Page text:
I’ve just returned from the UK where I had been invited to participate in the CSCLeaders conference. CSC is an annual global conference that brings together about 100 leaders from across the Commonwealth. The conference is run in partnership between Common Purpose and HRH The Duke of Edinburgh’s Commonwealth Study Conference which began in 1956.
Aside from being a great privilege to participate, the conference was very much PBL for leaders. Here were 100 culturally diverse leaders from all sectors including government, military, police, education, banking and finance, not for profits, religious groups, activists and the arts coming together to tackle a global challenge. This year, the challenge set for participants was how do you get disparate communities spread across the world to become bridge makers in the global networks of the future?
The conference spanned eight days and was structured in three parts. The first three days we had input from prominent speakers on the political, social, economic, cultural and environmental challenges of the 21st century. This was followed by discussion within our groups. The next three days included site visits to one of five cities in the UK which contextualised the challenge by giving us an opportunity to see how local communities were tackling the challenge of becoming ‘bridge-makers’. Groups were able to then meet with local community, educational, business and faith leaders. I was fortunate to have spent my study tour in the London borough of Tower Hamlets because Hargreaves and Shirley include it in their book The Fourth Way as a turned-around district for its schools.
Tower Hamlets is one of the most culturally diverse boroughs of London and a stone’s throw away from the financial and media district of Canary Wharf. There is a huge population of Bangladeshi migrants – the largest community in the UK. It also has the highest rate of child poverty in London but as Hargreaves and Shirley state the schools in TH were able to dramatically turn around in a decade from one of the worst performing to performing above the national average. The reason for this dramatic turnaround was the community coming together to create and build new capacity.
According to Hargreaves and Shirley, the schools improved because services were integrated, school leaders were visionary; they were able to attract high performing teachers who stayed and positive partnerships have been developed between schools, business, community and religious organisations. The Tower Hamlets schools became responsible for each other by setting their own ambitious targets for students. One of the directors quoted in the Fourth Way said “poverty is not an excuse for poor outcomes.”
I spoke to the Mayor of Tower Hamlets, Lutfur Rahman and the head teacher at Swanlea School, Brenda Landers. Swanlea has 1000 students enrolled and was judged by OFSTED to be ‘outstanding in all areas’. Brenda attributes the school’s success to a sharp focus on the data and an investment in building the capacity of teachers.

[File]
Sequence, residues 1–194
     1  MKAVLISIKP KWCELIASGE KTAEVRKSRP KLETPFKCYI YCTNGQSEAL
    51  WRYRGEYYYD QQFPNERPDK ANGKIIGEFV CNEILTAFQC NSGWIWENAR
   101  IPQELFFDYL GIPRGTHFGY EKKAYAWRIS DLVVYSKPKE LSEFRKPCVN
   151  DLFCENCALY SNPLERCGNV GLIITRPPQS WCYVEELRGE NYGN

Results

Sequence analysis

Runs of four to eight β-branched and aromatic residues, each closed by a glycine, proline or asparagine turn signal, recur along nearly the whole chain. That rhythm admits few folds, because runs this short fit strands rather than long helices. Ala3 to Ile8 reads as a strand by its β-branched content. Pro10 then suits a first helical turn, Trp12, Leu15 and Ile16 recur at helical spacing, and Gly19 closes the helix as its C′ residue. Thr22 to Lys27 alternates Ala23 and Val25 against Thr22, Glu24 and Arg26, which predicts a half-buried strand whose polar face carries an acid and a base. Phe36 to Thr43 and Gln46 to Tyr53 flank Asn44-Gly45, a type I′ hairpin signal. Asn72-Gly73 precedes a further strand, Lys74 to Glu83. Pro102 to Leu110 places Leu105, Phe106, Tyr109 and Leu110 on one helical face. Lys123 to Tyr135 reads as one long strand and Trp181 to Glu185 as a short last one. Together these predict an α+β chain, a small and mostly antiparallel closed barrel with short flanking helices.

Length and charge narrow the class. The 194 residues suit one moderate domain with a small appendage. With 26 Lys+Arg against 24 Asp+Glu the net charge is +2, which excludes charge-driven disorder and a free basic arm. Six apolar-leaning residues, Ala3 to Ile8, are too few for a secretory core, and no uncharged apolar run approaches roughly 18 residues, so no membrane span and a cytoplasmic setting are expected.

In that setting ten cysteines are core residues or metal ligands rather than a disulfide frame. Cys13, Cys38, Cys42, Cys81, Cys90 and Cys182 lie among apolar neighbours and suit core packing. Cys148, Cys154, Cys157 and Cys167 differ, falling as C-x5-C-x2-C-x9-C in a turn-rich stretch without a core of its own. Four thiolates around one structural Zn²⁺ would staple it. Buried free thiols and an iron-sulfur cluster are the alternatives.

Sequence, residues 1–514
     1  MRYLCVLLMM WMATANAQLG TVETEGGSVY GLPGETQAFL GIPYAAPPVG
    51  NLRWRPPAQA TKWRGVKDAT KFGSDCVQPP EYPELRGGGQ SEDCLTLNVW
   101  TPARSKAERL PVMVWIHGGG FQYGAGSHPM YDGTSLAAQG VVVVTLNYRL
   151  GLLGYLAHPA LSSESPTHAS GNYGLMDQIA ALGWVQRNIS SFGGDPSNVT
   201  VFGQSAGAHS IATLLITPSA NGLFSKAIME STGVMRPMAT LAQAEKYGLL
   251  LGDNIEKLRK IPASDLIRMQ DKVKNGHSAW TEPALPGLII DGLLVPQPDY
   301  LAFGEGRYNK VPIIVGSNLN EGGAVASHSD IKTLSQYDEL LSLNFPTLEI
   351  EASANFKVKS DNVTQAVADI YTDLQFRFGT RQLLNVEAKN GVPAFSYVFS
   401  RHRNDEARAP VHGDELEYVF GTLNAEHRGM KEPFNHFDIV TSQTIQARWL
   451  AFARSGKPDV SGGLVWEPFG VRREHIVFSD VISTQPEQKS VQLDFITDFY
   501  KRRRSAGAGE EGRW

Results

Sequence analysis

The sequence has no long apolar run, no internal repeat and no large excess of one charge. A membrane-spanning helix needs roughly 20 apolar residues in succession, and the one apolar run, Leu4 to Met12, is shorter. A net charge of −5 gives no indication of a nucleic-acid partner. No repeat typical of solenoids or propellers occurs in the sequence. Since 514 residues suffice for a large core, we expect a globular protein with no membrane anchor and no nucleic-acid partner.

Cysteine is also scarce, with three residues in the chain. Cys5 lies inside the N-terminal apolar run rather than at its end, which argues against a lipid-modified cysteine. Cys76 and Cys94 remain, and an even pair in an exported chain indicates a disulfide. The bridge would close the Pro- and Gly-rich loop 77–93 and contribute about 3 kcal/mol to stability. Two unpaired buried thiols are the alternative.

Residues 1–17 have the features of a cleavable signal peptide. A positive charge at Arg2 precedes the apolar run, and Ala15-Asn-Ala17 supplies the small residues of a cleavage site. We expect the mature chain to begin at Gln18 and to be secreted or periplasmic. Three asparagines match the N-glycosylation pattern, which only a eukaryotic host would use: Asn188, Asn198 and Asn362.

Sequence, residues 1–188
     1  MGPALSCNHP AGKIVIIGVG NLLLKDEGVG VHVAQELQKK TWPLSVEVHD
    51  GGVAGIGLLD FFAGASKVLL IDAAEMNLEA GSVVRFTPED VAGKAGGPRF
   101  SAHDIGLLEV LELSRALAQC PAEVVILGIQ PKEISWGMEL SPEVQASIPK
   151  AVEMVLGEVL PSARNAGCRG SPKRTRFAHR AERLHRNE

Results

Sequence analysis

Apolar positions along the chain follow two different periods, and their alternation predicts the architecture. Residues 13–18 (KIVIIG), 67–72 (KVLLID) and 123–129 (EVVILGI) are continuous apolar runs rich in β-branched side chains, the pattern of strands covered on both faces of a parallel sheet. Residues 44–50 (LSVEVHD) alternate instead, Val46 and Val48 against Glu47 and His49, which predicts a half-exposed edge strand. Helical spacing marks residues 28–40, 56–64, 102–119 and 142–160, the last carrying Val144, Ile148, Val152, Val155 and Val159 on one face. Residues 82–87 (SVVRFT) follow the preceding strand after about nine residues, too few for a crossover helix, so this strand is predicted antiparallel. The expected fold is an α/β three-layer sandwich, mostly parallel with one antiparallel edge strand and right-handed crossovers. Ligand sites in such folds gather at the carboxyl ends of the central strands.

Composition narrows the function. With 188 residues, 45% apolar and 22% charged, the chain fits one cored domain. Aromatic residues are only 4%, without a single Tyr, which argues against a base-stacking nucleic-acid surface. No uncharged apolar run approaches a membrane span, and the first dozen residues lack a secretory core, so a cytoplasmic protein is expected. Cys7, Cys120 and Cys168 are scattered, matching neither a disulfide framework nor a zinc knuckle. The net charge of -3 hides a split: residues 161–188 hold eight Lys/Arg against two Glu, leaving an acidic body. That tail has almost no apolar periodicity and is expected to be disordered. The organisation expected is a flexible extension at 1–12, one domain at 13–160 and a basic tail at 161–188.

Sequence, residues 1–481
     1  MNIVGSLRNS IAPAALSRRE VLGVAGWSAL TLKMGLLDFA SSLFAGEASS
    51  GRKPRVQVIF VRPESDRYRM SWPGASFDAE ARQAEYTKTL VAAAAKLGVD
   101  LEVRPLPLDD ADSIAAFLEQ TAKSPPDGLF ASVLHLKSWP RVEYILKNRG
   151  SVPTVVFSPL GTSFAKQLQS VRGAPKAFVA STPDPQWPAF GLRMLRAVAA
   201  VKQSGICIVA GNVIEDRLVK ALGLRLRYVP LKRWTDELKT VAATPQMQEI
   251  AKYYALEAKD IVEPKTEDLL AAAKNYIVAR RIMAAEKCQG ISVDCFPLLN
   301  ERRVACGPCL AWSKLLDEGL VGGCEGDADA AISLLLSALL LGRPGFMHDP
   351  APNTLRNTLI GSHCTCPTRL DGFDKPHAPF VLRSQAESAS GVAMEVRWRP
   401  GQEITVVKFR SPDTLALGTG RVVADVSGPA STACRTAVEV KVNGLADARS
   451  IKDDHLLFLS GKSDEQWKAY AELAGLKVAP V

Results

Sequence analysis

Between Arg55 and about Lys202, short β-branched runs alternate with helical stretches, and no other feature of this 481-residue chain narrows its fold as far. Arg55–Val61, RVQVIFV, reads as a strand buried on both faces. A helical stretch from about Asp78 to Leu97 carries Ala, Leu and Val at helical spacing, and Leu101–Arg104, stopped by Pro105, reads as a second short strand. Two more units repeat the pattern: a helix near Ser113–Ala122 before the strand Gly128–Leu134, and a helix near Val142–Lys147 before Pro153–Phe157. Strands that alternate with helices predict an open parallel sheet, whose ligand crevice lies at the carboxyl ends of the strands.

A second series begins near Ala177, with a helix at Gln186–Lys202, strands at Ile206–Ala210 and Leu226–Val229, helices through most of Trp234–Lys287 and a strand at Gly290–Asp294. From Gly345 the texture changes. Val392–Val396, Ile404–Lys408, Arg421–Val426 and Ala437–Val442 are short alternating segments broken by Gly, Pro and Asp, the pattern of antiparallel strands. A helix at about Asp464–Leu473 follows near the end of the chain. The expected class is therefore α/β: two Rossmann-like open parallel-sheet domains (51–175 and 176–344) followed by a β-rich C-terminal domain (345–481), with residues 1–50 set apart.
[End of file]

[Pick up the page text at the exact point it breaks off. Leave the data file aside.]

The final three days were spent in Oxford where groups shared their reflections of the study tours. We synthesized ideas and data then tried to identify innovative practices that the Commonwealth nations might adopt to build leadership capacity at local and global level. We also reflected on how we could collectively try and tackle some of these 21st century challenges.
A major element of the conference was networking opportunities which included lunch and dinner engagements with HRH The Duke of Edinburgh and HRH Princess Royal and business leaders. These networks aside from creating the opportunity to bring more people into an ever expanding network of critical thinkers, problem-solvers and exceptional leaders will hopefully sustain the work in years to come. The next part of the conference takes us to Mumbai or Johannesburg in June where we get to explore the challenge in the context of a vastly different city.
In reflecting on this experience, two important things struck me that were neither obvious or explicitly stated. The first is that CSCLeaders brings together culturally diverse people who share a common purpose of leading organisations into the 21st century. Despite the diversity, there are common threads uniting us all. These threads include a passion for the work we do, a drive to seek new ways and solutions to challenges and the recognition that in this century you cannot do this alone, interdependence demands collaboration at every level.
The second is that depending on which nation of the Commonwealth you were born in, your perception of the world is vastly different. Members from developing nations are looking for the recognition that they have something valuable to contribute. They do not seek “a leg up” but want to be active citizens in building better societies.
The above made me think about how we go about the work we are doing with our school communities here in Parramatta and raised so many questions for me. Have we have tapped into the rich diversity of our school communities and started from where they are rather then where they should be? Are we stifling innovation or failing to nurture it? What are the new models we need to explore to build leaders capacities and so on.
This conference taught me many things but key was the value of multiple data sets and the evidence it draws as well as the critical need to interrogate the data from several different points of view. Listening to other leaders and hearing what the data and evidence says to them was a real eye-opener and often altered my own understanding.
For me the most important message I can share is that no matter your experience or expertise base, there is always something to learn. Living in a global village demands that I need to be a life-long learner as well.